LAKE FOREST, Ill. – Bring back the Western Open.
After another successful BMW Championship, the modern substitute for the Western Open, golf observers may wonder why it would be necessary to create a second event for the Western Golf Association.
It’s quite simple: the Western Open never should have been shelved.
From 1899 to 2006, the Western Open was one of the most important events in golf. It was considered one of the four major championships until the ascension of the Masters in the 1950s.
The winners’ list, starting with Willie Smith at Glen View Golf Club, grew to become a who’s-who in golf: Laurie Auchterlonie, Willie Anderson, Alex Smith, Chick Evans, Macdonald Smith, John McDermott, Jim Barnes, Walter Hagen, Jock Hutchison, Tommy Armour, Gene Sarazen, Harry Cooper, Ralph Guldahl, Byron Nelson, Jimmy Demaret, Ben Hogan, Sam Snead, Lloyd Mangrum, Doug Ford, Arnold Palmer, Billy Casper, Jack Nicklaus, Tom Watson, Hale Irwin, Larry Nelson, Tom Kite, Ben Crenshaw, Nick Price and Tiger Woods, among others.
So, how is it possible that a tournament with more history than any regular PGA Tour event lost its place?
The biggest reason: the business community never embraced the tournament. Starting in 1987, when the event added a company name to its title, seven companies came and went. The last sponsor, for three years, was the erectile-dysfunction drug Cialis, which should tell you how desperate the Western was in trying to find corporate support.
Since 2007, German automaker BMW has assumed sponsorship, dropping the Western Open name and moving the event to late summer as part of the FedEx Cup playoffs.
I am not advocating dropping the slot in the FedEx Cup playoffs or ousting BMW, which has been a big supporter of the Evans Scholars Foundation, the only charity of the Western Golf Association. Instead, I suggest restoring the historic Western Open to the PGA Tour’s summer schedule.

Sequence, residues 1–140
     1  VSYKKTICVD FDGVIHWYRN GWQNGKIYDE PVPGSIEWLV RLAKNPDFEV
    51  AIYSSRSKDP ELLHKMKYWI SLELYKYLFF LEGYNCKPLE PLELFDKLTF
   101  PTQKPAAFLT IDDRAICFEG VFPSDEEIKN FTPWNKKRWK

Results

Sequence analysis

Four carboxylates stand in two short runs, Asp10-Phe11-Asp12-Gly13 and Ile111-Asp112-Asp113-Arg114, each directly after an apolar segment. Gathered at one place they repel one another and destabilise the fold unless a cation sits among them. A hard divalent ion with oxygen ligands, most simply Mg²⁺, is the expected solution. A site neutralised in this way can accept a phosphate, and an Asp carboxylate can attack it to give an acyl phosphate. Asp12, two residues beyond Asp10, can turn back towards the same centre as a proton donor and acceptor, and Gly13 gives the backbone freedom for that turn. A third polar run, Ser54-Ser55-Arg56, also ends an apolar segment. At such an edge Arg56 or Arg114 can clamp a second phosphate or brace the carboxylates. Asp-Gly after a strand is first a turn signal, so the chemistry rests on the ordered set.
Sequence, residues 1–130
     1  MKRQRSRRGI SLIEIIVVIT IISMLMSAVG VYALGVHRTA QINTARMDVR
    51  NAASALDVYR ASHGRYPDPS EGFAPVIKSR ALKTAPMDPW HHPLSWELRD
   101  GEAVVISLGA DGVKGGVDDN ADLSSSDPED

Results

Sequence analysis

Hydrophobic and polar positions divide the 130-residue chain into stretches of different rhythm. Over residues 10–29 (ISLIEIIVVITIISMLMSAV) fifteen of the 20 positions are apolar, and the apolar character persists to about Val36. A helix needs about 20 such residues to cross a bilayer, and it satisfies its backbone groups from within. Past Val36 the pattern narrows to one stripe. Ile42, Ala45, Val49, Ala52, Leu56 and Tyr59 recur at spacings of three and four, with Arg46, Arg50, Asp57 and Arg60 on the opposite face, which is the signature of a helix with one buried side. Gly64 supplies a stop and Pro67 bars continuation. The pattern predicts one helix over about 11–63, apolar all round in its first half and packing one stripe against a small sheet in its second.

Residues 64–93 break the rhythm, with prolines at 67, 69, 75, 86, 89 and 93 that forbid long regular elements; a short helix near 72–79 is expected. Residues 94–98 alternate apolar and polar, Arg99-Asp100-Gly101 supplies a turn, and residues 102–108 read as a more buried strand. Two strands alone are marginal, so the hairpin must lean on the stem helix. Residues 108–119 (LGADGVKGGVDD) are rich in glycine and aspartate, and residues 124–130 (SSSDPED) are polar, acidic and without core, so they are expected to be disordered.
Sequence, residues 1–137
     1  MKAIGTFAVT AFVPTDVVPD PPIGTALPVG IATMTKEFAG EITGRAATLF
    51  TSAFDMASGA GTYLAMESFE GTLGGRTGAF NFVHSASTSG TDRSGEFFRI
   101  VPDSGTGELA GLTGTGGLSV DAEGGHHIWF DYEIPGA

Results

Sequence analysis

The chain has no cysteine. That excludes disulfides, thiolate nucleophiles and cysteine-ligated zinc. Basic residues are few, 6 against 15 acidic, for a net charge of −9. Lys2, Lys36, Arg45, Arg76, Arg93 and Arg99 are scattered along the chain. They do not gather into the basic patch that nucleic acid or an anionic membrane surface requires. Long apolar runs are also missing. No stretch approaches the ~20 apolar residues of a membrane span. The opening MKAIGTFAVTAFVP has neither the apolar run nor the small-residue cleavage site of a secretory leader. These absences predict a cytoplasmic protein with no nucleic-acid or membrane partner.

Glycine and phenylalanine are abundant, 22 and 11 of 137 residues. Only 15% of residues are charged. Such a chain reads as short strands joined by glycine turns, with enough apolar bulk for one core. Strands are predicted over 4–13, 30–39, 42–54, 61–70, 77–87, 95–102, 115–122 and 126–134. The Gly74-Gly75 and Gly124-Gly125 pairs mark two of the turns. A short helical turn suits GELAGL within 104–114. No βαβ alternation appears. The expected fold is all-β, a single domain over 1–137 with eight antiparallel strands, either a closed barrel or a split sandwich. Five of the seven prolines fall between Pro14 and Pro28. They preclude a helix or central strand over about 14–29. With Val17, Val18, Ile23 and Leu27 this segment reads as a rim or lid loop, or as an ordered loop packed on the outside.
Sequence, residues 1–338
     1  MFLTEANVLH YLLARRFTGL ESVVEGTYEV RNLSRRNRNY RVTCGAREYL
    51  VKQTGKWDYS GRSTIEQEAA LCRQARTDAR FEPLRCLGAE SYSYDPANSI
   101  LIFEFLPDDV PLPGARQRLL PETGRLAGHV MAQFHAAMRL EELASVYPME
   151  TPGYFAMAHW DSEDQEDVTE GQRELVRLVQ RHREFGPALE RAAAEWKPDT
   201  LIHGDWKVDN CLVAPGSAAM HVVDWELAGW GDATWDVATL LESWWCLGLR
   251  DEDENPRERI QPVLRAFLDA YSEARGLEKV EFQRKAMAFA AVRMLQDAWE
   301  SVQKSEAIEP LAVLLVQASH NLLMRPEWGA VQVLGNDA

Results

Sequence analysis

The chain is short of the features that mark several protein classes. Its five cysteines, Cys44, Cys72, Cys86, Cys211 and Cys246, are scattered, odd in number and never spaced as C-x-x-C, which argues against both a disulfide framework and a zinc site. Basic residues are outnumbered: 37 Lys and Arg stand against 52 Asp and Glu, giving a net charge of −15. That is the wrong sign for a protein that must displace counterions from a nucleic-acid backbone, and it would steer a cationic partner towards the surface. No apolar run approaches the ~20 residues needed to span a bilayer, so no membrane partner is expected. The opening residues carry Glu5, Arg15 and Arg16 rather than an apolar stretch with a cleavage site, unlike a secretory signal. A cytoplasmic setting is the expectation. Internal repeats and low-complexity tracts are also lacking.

A date should be open, with the Greenbrier and Quicken Loans events reportedly struggling to survive after this year.
Chicago, which is a tremendous golf town, deserves an annual PGA Tour event. Since BMW has come to town, the event has moved in and out of the Windy City.
Although the WGA struggled to find sponsorship for the Western Open, the golf world has changed greatly in the decade since the event folded. Since the PGA of America has decided to move its championship from August to May, the Midwest and Northeast are open for a BMW Championship or Western Open.
John Kaczkowski, the WGA’s president and chief executive, said that such historic courses as Oak Hill, Baltusrol and Oakland Hills, all previous PGA Championship sites, should be open to the WGA.
So, if the WGA moves the BMW out of Chicago every other year, which has been the recent pattern – Aronimink Golf Club (2018) and Medinah Golf Club (2019) are the upcoming hosts – why couldn’t the Western Open come to Chicago in 2018 and then move to Detroit or Rochester, two terrific golf towns that would be hugely supportive of a PGA Tour event, in 2019?
It’s bold and certainly not as easy as outlined here, but with such a worthy charity as the Evans Scholars and the history of the Western Open, the WGA should at least explore the possibility of restoring the former major championship to the PGA Tour rotation.
The WGA might be surprised to see how supportive the public, players and corporations would be to help high-schoolers attend college and advance their early careers.
Alex Miceli is the founder and publisher of Morning Read. Email: firstname.lastname@example.org; Twitter: @AlexMiceli